Over 100 years ago, the entire city council and mayor of Big Rock, Colorado, almost got tarred, feathered and run out of town because they delayed fixing the ‘excuse-me-ma’ams,’ that is, the potholes and bumps in the roadways.
Trails out west consisted of wagon ruts worn deep by men in a hurry to get someplace else. The city streets, especially in mining towns, seldom rated better. Few wanted to take the time to grade a road or smooth a street. So, they remained muddy impassible in the spring and fall, icy slick in the winter, and a ball of choking dust in the summer. That is, until the women moved to town. Then the code of the west kicked in.
To the men out west, it was an insult and beneath any woman’s dignity to hit a pothole or bump in the road. The gentleman in the coach tipped his hat and apologized with an “Excuse me, ma’am.” As far as he was concerned, the way should have been made smooth for her.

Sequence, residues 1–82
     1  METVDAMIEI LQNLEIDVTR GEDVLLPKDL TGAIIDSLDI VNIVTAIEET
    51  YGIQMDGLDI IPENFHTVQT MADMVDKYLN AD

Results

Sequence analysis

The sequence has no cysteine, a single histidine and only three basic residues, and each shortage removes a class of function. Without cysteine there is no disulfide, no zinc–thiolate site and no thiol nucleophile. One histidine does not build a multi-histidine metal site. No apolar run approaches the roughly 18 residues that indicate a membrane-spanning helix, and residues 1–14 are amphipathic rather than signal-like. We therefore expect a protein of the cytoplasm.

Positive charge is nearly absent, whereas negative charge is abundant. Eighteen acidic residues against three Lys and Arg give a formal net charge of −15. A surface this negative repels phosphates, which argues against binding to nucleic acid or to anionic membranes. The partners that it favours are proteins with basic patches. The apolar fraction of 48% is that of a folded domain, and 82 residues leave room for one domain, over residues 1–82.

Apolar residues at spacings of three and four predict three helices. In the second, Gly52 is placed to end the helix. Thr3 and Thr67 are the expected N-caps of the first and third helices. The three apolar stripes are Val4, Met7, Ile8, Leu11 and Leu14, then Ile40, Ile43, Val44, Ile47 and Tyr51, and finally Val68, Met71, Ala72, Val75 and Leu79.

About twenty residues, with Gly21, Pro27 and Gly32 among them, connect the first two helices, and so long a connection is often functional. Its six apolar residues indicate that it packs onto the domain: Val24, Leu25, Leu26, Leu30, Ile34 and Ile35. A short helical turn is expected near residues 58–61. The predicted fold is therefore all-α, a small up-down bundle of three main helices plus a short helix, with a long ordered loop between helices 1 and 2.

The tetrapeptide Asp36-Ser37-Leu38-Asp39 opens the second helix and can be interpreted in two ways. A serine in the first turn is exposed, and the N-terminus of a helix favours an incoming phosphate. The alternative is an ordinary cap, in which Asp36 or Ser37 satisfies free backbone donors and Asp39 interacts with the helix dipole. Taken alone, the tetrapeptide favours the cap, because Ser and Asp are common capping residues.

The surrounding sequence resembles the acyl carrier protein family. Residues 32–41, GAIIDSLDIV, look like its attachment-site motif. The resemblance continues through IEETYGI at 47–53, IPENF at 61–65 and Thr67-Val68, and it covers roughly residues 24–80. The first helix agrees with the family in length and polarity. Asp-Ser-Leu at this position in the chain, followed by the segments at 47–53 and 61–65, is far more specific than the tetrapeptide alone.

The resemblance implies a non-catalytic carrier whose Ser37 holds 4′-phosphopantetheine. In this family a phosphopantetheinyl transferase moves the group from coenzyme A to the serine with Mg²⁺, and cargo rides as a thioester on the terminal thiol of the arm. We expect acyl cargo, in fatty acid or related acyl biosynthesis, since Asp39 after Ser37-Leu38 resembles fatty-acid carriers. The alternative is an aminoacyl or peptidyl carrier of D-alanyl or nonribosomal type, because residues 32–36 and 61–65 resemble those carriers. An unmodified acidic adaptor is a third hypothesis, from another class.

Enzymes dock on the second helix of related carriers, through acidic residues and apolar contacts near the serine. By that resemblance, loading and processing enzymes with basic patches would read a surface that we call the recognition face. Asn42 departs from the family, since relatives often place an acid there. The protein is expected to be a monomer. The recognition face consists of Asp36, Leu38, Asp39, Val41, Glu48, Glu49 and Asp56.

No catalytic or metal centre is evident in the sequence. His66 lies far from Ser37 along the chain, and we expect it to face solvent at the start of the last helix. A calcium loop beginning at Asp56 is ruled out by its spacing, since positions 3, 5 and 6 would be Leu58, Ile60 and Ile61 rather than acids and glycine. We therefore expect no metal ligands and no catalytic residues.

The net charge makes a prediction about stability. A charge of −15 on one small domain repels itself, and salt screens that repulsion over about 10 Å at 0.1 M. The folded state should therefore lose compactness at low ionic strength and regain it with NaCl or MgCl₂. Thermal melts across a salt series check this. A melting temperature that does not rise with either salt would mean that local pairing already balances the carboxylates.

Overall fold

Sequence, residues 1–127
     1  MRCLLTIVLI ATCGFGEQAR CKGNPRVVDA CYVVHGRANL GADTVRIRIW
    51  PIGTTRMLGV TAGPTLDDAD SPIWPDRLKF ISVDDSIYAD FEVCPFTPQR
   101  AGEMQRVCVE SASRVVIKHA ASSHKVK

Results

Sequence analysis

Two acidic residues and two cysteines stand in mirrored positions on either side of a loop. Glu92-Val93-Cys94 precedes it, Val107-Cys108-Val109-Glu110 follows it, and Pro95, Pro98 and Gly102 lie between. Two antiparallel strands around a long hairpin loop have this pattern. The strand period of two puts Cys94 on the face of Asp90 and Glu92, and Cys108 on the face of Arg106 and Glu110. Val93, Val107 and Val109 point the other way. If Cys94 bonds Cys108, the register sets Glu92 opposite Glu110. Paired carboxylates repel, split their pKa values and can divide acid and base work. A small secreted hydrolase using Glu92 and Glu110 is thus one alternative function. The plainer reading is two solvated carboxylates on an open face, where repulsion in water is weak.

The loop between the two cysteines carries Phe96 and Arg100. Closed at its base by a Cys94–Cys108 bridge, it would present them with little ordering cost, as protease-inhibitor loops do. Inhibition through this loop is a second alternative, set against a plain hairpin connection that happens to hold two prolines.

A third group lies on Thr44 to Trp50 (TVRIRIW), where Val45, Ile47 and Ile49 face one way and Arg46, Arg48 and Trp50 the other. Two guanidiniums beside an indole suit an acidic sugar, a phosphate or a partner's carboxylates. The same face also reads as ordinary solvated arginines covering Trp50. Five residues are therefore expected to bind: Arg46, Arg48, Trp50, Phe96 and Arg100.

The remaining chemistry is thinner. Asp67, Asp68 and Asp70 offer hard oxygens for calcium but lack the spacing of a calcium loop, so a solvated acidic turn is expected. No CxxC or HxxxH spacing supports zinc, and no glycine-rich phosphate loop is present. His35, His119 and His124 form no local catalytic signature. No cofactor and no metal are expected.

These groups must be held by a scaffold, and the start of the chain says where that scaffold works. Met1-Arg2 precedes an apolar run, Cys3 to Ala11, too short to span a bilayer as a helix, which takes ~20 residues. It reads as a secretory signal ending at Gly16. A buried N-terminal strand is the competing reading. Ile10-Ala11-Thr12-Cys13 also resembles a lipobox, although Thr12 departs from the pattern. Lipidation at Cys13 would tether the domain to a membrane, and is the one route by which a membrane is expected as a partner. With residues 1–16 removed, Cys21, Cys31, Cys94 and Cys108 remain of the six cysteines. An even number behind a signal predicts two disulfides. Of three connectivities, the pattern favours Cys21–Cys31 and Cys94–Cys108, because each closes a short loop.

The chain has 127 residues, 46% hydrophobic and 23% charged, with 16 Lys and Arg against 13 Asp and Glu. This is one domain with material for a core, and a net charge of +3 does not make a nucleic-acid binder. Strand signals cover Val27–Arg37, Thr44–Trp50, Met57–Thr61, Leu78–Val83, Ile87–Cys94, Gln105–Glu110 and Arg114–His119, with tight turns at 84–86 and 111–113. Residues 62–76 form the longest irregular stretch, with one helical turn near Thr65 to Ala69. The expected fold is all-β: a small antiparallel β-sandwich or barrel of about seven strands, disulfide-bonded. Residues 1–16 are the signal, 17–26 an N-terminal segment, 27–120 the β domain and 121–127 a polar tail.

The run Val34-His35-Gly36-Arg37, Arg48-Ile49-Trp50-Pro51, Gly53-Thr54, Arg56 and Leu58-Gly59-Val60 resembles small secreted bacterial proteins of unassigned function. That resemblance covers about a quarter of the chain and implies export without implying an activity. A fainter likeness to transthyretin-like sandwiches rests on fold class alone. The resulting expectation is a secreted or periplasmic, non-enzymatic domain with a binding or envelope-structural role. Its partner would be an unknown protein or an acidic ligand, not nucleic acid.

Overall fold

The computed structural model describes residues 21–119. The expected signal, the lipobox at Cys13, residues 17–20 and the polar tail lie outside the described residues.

John the Baptist claimed a similar responsibility as his spiritual role. He came to make the way smooth for Jesus. And he enlisted others to be way-pavers too. “Prepare the way for the Lord, make straight paths for him” (Mark 1:3).
So many obstacles keep people from Christ and his eternal truth. It’s too simple. Or it’s too hard to understand. It doesn’t relate anymore. Or they once knew a Christian who turned them off. Or religion got forced down their throats. Or they’re just too busy. Or too sick. Or they’re worn to a frazzle by trials and tragedies. Nothing makes sense anymore. On and on the list goes. . .potholes, bumps, dips, falling rocks, frost heaves along the spiritual journey.
What can you do to remove obstacles for someone near and dear to you?
Note: Just received the first box of copies of Cowboy For A Rainy Afternoon. Now’s a great time to order!